Textfont that decomposes Korean

I found my problem with Korean textfonts decomposing. If I use “Times New Roman” instead of Arial or the System font then it will decompose with file names.

What do you mean “decompose with file names” ?

As far as I can tell, Times New Roman doesn’t support Korean so the operating system will be falling back to a different font anyway.

Is there a reason why you are trying to use Times New Roman or Arial?

The way I tell if a font supports Korean is graphically. I like fonts with serifs, and Times New Roman has serifs. For the test, I have a little textarea with
as the text and it’s next to the font selector, and it will match the style for the rest of the changes. I don’t look for Unicode code-points, but I could do that, if I could figure out how with XOJO.
How can I do that?
Where is an explanation (whatever system you choose) of detecting if a font supports codepoints?

Sorry that I used a word wrong. The reference books I have for Korean don’t explain with Unicode terms like Normalize. They are only 20 years old.
Unicode.org doesn’t explain it any better.

What I mean by decompose.
Normalized Korean: ??? This is also conjoined.
Concatenated Korean : ??? I thought this was decomposed but that is not correct. I am not sure what decomposed and Korean is.
The more correct words might by conjoined ?? (Jamo).

So. If I have a filename (any base type like .jpg .mp3 .txt) such as ???.txt and am using a font (as Kevin wrote) that doesn’t support Korean, then the name becomes


This is apparently only concatenated and not conjoined. It is the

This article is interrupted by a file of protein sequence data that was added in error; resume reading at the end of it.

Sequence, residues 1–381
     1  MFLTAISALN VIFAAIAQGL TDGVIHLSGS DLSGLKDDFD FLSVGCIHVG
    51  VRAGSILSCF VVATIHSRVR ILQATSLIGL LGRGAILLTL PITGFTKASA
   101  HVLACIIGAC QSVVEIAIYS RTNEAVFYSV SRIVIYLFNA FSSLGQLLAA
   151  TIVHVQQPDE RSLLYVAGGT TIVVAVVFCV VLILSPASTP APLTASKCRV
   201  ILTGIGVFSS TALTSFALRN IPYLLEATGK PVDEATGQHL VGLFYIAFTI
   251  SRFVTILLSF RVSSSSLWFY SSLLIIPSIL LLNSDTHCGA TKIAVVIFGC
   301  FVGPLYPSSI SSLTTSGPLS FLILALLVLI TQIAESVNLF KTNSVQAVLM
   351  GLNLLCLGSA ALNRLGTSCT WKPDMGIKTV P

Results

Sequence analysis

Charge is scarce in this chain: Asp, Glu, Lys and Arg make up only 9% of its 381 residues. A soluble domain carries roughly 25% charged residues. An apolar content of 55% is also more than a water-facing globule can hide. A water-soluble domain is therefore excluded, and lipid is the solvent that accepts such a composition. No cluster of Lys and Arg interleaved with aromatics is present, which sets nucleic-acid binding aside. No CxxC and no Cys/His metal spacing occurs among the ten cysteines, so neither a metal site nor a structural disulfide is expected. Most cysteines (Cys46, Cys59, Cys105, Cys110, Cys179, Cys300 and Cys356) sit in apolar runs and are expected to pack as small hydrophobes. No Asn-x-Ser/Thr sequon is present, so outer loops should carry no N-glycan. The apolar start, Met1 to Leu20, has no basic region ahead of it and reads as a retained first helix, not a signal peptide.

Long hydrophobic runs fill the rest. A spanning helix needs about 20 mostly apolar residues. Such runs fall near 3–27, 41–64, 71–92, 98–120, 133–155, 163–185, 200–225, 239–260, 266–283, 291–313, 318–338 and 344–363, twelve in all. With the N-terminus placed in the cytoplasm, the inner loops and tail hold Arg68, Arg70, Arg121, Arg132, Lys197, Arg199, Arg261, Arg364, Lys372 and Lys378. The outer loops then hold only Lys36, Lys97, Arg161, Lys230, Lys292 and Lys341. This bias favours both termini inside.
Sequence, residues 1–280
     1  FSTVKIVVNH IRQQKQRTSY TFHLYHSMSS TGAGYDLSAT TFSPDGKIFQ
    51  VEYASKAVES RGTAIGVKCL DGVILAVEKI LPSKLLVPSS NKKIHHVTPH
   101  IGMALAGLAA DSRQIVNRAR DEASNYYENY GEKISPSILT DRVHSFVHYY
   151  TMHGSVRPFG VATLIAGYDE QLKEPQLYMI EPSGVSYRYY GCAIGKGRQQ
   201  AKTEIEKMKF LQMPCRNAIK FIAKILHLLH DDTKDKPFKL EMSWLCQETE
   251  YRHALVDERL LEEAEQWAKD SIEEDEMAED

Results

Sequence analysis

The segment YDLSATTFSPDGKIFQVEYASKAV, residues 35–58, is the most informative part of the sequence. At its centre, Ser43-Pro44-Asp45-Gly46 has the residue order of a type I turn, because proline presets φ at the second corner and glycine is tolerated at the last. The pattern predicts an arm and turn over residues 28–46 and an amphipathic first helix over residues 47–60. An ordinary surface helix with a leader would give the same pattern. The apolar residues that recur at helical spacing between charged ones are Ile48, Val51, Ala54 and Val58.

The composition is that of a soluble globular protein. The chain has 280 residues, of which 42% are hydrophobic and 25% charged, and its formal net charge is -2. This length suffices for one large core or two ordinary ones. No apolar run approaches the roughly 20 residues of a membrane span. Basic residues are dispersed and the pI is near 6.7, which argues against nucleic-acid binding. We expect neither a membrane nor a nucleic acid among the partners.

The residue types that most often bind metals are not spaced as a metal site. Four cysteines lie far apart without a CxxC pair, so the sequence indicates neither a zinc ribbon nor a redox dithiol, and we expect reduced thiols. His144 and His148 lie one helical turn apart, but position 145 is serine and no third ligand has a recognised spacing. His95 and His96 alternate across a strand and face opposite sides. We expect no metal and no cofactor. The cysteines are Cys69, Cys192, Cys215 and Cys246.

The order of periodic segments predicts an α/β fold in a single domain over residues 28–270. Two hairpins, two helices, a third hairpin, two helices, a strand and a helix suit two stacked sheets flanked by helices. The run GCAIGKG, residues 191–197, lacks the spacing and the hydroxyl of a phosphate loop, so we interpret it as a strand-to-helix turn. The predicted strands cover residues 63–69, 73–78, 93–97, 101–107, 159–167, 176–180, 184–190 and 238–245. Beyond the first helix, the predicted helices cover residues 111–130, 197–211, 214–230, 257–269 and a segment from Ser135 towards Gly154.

I also don’t understand why this happens only to filenames in textareas when the font is not supporting Korean. It also happens in strict UTF8 text files when I copy them from Mac to PC. They literally break down.

My conclusion is this is an Mac OS problem and not XOJO. I have no idea where to go with this problem.
Who do I tell?

As a quick test I pasted that text into a TextField and TextArea and set the font to Times New Roman. As far as I could tell, the text appeared correctly using Xojo 2017r3 running on my Mac (10.9.5).
Could there be other (null) characters in the text that causes display issues when the operating system falls back to a different font?

As for finding out if a font contains Korean (Hangul), our app looks at the Unicode script ranges and the code pages set within the font. We have our own text layout engine so don’t go through macOS or MS-Windows for any this. It might be worthwhile you looking at the MBS plugins. A quick look seems to indicate you might be able to find a solution using NSFontMBS (Mac) and WindowsFontFamilyMBS.

I want to clarify why I am interested in this. On a Mac the UnNormalizing of a Korean filename isn’t a problem. It is only when I copy a filename specifically sound and image files (not text) with Korean normalized characters in a text file to a PC that UnNormalizes and becomes umm permanent.

Thanks Kevin.

I don’t know how to answer that. It is the filename’s nativePath or just the name itself.
I don’t know the binary enough
This also happens when I take a text file from a Mac to a PC. It doesn’t happen with anything umm higher like RTF.
I think it also happens with a ini file but I can’t remember.

I did my report of filenames in a textarea with TimesNewRoman. It should lots of UNnormalized names.
I only copied the last one because it shows here correctly.

This is the same list as a screenshot and the file is on the bottom.

About MBS. I probably can, but that is an extra right now.

Times New Roman does not support Korean. If I have Korean Hangeul characters in the TextEdit.App and try to change it to TimesNewRoman, then it automatically changes to AppleMyungJo.

You mentioned an issue with PC. You should know that macOS is able to switch to another font to support a given set of characters, but Windows is not able of such feat. You must have a Hangul supporting font to display Korean correctly.

You are quite correct that a PC doesn’t. The font I chose is called “Beat My Guest”